Two former aviators whose sons were killed by police, propose an interesting idea on investigating police involved shootings at Constitution.com.
Here is an excerpt:
In aviation, an independent team of National Transportation Safety Board (NTSB) experts diligently gathers evidence after an accident, analyzes data and facts, and issues nonbinding recommendations designed to prevent similar incidents from reoccurring. As a result of . . . taxiway accident[s], the NTSB recommended new protocols be established to improve pilot-controller communications and signage along taxi routes. They even suggested introducing unambiguous terms such as “back taxi” into radio transmissions, to ensure aviators have a better mind-picture of the airfield environment.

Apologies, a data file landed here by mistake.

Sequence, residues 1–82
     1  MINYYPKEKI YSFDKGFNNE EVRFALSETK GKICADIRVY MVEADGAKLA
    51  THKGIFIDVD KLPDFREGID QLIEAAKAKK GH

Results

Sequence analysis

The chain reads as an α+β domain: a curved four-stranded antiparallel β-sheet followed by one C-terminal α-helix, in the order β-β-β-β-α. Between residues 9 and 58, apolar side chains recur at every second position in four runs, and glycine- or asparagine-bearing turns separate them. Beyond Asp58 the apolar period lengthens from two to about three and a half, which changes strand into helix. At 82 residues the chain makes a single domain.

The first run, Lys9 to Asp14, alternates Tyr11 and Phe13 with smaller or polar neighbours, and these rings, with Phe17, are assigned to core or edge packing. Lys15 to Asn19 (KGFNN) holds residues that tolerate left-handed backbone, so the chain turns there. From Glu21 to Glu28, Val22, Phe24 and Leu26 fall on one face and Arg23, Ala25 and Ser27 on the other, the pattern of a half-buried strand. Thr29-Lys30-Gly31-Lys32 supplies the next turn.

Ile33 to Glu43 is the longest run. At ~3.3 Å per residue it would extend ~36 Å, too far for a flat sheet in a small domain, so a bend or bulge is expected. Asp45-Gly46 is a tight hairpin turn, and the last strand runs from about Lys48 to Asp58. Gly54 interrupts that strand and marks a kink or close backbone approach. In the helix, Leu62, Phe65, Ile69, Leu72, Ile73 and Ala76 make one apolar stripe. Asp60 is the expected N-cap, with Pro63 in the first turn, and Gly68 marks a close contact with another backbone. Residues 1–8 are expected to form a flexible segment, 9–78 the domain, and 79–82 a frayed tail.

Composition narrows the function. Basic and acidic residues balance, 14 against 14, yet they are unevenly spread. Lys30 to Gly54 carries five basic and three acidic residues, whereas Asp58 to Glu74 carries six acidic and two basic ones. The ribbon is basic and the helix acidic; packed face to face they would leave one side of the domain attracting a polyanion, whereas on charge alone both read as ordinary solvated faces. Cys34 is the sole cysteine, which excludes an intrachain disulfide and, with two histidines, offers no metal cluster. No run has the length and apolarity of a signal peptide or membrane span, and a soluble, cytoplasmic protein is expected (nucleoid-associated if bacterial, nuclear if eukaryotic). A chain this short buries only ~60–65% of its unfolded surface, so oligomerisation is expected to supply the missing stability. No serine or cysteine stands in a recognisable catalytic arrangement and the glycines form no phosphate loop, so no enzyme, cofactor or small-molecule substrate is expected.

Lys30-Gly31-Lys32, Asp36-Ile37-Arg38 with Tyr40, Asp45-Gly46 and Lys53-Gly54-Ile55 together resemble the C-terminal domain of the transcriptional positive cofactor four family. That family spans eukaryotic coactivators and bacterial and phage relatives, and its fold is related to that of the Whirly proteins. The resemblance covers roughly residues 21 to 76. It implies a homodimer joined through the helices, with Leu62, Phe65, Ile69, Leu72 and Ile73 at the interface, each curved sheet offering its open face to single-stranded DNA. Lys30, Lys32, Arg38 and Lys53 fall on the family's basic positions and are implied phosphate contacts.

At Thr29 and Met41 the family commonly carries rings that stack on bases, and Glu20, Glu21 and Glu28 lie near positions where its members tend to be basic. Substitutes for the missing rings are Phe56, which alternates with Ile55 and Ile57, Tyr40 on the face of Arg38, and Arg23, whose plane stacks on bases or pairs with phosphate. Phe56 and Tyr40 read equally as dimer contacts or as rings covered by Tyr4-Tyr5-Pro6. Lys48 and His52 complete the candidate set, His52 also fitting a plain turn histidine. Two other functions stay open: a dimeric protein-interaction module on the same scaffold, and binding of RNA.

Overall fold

In law enforcement, there is no centralized “external learning system” that gathers data and analyzes the facts associated with a deadly incident, then issues preventive safety recommendations.
Consequently, Americans are dying at an ever-increasing rate through encounters with police. In 2015, at least 1,209 people were killed by police officers. As of early November, 992 people have died this year (killedbypolice.net). According to PoliceOne.com, it is estimated that roughly 25% of officer-involved shootings concern mistake-of-fact scenarios . . . Indeed, the authors’ sons were killed by frightened, amped-up police officers who made deadly mistakes. Those senseless tragedies drove us to become vocal advocates for systemic improvements in how police-involved deaths are investigated. Hopefully, these will prevent future senseless shootings.
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